Are you looking for more organizational productivity?
Where do you think employees would be more productive: in an organization that spends time connecting employees and aligning their performance with the mission, or ones that do nothing to keep employees working together?
The difference is dramatic.
In a study by McKinsey & Company, 84 percent of employees said they were highly productive in organizations that focused on engagement. This was through activities that helped them get to know each other better, set joint goals and had a culture of coaching employees to perform.
These high-performing companies are creating a positive, goal-seeking environment.
On the other hand, in organizations that ignore employee engagement opportunities, staffers say they are only seven percent effective.
That’s a 12x difference.
Ok, dumb question: Which company would you rather work for?
As a leader, there’s a huge payoff—in high organizational productivity—for engaging with your team and moving them toward a common goal.
Here are four strategies on how to do it.
Here are 4 Communication Tips to Get You Higher Organizational Productivity:
#1 Connect With Your Employees
Connect directly with each employee. Spend some extra time with each employee when you have a one-on-one meeting.
Let’s say you are meeting on a particular project. Rather than jumping right into the meat of the discussion, first, catch up.
Ask how it’s going; how they are doing. Ask your colleagues about their families. You can talk about vacations (past and planned) or even superficial stuff like their favorite order at a coffee house.
Remember, everyone is going through something and generally loves talking about themselves. Of course, you have to gauge how deep and personal to go and only go as far as comfortable.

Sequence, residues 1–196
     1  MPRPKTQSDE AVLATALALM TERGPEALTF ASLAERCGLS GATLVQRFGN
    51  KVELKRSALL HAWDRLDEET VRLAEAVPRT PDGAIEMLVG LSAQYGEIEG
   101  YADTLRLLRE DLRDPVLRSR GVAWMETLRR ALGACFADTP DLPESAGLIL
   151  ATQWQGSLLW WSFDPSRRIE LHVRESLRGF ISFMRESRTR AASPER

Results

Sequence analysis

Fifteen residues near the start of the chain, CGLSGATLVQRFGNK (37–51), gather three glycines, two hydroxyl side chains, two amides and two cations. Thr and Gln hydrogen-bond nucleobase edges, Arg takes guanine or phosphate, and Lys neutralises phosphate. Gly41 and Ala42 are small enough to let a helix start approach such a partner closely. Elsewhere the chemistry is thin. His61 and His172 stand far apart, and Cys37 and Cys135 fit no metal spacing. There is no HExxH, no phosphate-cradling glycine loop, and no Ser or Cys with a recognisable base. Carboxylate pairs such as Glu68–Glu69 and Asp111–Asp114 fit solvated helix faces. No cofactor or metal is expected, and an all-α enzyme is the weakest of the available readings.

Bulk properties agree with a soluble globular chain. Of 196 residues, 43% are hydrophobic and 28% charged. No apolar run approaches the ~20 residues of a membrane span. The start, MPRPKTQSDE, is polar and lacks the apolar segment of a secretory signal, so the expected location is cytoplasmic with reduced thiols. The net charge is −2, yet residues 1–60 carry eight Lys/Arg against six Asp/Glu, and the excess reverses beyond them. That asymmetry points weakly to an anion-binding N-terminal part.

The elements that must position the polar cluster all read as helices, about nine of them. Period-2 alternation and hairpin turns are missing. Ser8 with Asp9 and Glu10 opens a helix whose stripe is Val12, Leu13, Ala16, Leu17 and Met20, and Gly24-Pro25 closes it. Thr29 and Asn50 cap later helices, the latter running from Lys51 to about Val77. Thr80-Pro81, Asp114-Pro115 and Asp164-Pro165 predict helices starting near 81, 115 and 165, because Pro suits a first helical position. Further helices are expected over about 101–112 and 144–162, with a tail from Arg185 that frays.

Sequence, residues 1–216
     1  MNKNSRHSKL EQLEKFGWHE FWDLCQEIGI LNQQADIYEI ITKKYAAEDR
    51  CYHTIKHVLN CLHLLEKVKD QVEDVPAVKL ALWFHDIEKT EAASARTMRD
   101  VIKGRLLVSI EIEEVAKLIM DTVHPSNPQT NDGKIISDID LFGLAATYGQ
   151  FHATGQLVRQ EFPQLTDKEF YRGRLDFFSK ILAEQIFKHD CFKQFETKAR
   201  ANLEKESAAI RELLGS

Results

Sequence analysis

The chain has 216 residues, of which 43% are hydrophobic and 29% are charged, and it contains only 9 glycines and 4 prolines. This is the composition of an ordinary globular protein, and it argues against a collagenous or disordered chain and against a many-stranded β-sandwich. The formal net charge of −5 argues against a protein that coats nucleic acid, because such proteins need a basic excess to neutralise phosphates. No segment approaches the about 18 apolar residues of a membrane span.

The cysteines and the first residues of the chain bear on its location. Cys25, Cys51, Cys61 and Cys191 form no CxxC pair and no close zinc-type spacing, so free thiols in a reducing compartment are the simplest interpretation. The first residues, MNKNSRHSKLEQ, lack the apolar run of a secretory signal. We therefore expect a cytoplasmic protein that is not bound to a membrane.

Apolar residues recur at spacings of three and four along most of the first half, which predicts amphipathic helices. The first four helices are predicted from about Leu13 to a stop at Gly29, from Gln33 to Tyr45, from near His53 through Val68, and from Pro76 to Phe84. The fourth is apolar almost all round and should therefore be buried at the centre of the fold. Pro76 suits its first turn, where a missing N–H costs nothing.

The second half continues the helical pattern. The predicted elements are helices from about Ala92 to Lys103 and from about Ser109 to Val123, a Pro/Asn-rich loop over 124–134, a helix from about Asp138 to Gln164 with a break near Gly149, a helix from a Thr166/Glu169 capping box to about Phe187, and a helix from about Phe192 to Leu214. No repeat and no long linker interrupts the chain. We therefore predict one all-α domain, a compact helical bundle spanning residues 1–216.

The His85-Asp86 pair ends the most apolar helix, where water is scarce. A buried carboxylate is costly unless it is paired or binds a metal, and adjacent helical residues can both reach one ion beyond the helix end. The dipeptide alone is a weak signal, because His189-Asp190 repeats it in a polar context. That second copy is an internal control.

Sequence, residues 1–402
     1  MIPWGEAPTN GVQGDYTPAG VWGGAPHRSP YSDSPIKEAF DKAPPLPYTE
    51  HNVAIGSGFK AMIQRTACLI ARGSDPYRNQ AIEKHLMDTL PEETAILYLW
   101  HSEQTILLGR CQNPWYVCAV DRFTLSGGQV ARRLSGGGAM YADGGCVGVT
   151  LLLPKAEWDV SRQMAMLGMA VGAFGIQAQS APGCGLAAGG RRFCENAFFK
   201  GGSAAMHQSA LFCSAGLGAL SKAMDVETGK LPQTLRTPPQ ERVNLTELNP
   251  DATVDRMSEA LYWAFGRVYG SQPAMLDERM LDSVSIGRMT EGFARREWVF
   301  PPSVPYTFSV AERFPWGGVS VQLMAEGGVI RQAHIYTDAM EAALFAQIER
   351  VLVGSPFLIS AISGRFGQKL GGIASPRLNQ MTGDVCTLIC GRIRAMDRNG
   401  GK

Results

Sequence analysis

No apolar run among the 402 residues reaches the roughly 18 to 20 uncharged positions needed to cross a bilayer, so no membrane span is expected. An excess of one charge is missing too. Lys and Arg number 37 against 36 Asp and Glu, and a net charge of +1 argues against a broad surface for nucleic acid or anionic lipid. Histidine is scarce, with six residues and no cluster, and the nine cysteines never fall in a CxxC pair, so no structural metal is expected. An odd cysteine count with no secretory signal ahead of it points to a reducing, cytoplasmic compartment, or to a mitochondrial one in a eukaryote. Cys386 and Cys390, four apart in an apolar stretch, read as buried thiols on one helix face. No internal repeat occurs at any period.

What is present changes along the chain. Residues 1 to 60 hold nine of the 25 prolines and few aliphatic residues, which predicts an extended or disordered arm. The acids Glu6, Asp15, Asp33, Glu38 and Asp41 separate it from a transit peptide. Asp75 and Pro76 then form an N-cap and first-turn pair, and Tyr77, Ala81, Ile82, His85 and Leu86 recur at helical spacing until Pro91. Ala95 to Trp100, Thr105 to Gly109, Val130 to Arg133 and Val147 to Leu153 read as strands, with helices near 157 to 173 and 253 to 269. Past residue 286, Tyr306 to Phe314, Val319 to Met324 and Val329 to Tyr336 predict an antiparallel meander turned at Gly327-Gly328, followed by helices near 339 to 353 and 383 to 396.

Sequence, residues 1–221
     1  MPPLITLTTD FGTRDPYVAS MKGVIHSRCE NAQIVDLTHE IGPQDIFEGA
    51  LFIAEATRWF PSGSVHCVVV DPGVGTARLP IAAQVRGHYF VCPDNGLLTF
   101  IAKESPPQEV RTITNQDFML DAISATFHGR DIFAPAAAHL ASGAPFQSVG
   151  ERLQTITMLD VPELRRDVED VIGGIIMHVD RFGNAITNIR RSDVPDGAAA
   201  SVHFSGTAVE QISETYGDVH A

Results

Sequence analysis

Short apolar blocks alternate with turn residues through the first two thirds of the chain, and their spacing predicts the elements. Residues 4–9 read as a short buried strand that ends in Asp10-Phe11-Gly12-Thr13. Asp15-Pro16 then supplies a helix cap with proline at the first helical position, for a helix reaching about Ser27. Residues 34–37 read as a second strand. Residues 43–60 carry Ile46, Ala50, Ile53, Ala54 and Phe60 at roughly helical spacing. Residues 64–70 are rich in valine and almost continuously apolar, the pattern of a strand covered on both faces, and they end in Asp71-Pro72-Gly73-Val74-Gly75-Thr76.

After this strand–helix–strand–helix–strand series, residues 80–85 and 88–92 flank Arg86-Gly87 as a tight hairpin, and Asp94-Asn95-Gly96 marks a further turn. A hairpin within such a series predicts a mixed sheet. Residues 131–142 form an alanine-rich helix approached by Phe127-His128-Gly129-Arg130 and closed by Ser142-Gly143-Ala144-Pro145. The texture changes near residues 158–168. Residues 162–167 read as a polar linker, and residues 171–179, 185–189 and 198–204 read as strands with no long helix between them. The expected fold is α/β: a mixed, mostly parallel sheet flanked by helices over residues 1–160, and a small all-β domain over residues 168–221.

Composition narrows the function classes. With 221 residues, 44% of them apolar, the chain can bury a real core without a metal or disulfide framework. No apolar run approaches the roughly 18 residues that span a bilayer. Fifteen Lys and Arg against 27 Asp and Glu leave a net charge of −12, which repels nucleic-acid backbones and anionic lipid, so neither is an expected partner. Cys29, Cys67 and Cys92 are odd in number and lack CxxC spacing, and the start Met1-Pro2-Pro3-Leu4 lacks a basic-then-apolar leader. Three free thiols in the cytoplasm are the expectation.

I sometimes arrange meetings with employees just to have these discussions.
We might not have pressing projects to work on, but to catch up, I’ll schedule a meeting or Zoom and spend some time getting to know what’s going on in their life. I’ve found these conversations to be invaluable in motivating staff towards greater organizational productivity.
#2 Engaging Your Team Improves Motivation
Get the team engaged. At the beginning of meetings, do an ice breaker. This is a fast, easy way for everyone to share one quick thing about themselves, which sets the stage to ask more questions later and have a pleasant conversation.
Start with general concepts, like what everyone is streaming. Keep the recommendations short, and everyone will follow up with each other later if interested, which is the goal of the icebreaker.
Need some ideas? I put together a list of 30+ Workplace Ice Breakers you can download for free.
I’ve found when employees get to know each other better, they begin to like each other. And when they like each other, they want to do a good job—for each other.
That’s an interesting twist on organizational productivity.
We imagine that we’re working for the organization’s greater good, when in fact, our desire to accomplish big goals is energized by liking the people we work with.